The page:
Supreme Court of Michigan, 1976.
396 Mich. 281, 240 N.W.2d 217.
Siegrist and Farwell were chasing women. A group of guys beat up Farwell and left him under his car. Siegrist found him. Siegrist drove Farwell around for 2 hours in the back seat. When Siegrist parked the car, he tried to rouse Farwell and couldn’t. Siegrist left Farwell to be found by his grandparents in the morning. Farwell died of injuries. Jury returned verdict for the plaintiff in the amount of $15,000. The Court of Appeals reversed, saying 1) Siegrist had no duty to Farwell and 2) Siegrist didn’t know Farwell needed treatment.
1) Did Siegrist have a duty to Farwell?
2) Did Siegrist know, or should he have known, that Farwell needed treatment?
The Supreme Court reversed the Court of Appeals and reinstated the verdict.
Duty is usually a question of law, but certain factual circumstances give rise to duty. “[I]f the defendant does attempt to aid him, and takes charge and control of the situation, he is regarded as entering voluntarily into a relation which is attended with responsibililty. Such a defendant will then be liable for a failure to use reasonable care for the protection of the plaintiff’s interests.”  “Where performance clearly has begun, there is no doubt that there is a duty of care.” The court also held that Farwell and Siegrist were companions on a social venture, and on such outings, there is an implied duty to render assistance when one is in peril. If Siegrist could aid Farwell without injury to himself, he had a duty to assist.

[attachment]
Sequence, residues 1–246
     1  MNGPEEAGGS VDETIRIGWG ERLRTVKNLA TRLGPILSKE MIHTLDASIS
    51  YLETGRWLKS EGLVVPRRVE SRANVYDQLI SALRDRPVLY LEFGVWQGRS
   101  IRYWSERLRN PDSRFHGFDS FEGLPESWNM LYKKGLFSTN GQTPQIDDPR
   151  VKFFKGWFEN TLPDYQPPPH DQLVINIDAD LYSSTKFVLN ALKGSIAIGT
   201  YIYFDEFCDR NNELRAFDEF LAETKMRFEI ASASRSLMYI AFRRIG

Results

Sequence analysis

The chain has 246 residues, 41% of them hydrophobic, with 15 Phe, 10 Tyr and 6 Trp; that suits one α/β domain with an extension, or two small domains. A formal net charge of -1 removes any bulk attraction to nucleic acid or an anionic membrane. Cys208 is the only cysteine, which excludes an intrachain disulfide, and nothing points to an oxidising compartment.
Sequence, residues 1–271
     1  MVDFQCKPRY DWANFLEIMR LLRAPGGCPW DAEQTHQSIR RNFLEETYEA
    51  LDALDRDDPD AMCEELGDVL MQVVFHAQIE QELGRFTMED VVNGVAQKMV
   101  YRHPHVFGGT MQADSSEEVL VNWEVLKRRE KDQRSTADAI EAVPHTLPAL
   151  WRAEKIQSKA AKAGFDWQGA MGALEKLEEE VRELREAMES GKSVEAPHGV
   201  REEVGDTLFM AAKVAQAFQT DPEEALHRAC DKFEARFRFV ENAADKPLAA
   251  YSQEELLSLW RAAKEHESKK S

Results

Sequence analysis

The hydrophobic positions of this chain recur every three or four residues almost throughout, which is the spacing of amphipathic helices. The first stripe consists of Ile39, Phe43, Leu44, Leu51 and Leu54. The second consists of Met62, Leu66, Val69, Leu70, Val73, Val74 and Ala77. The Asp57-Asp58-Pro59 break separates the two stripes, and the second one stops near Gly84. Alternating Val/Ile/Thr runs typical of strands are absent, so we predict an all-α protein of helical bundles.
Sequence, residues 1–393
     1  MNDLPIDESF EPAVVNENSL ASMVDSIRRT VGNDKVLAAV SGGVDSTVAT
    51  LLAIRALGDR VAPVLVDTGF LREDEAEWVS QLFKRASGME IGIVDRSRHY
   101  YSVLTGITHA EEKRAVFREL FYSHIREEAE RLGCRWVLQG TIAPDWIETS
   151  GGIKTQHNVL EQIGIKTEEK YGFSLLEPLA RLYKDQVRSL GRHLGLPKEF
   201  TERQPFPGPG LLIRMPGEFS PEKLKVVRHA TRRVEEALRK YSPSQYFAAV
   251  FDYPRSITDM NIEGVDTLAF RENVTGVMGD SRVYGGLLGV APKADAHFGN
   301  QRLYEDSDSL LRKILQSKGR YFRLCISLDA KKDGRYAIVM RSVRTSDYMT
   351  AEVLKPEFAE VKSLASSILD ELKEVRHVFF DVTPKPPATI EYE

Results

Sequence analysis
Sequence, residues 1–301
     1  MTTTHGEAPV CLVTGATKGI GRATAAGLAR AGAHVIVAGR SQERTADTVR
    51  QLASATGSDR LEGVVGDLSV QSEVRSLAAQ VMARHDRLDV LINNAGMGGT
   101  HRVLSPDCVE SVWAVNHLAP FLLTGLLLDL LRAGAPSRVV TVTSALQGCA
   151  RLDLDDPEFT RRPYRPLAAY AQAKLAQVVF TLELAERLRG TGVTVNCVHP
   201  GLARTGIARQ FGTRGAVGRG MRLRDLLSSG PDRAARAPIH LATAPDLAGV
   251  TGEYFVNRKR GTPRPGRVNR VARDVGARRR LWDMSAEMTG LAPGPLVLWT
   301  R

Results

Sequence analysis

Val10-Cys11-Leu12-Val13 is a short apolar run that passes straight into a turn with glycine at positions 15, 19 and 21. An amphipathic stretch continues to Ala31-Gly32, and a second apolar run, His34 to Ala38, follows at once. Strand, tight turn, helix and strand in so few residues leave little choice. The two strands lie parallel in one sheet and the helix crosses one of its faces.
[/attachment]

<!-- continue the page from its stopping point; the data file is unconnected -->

· Appeal only applies to his buddy, not the guys who beat him up
· If Siegrist had intervened to get Farwell help – Farwell had a good chance of recovery
· Siegrist’s appeal was that he had no duty to help
· Facts change question of duty from matter of law to something else
· Ice on head—shows an attempt to start giving aid
· Were co-adventurers on a social outing—special relationship
· Special relationship
· Friendship is enough to establish duty?
· General duty –a duty is found where general reasonable men would recognize it and agree it exists
· Companions on a social venture—common act that led to the troublàchasing women to the restraunt led to the beating
· Once somebody begins to give aid, how far must he go?
· Comment E of the Restatement
· P.129 – example of rescuing swimmer and leaving him closer to shore, but he still drowns
· If you begin aid, others give up because they believe it’s being taken care of
· By not leaving him under the car, and instead, leaving him in the backseat of his own car in his grandparent’s driveway, he made sure no one would find him until morning
· Ice became an important fact—Siegrist knew there was some kind of injury
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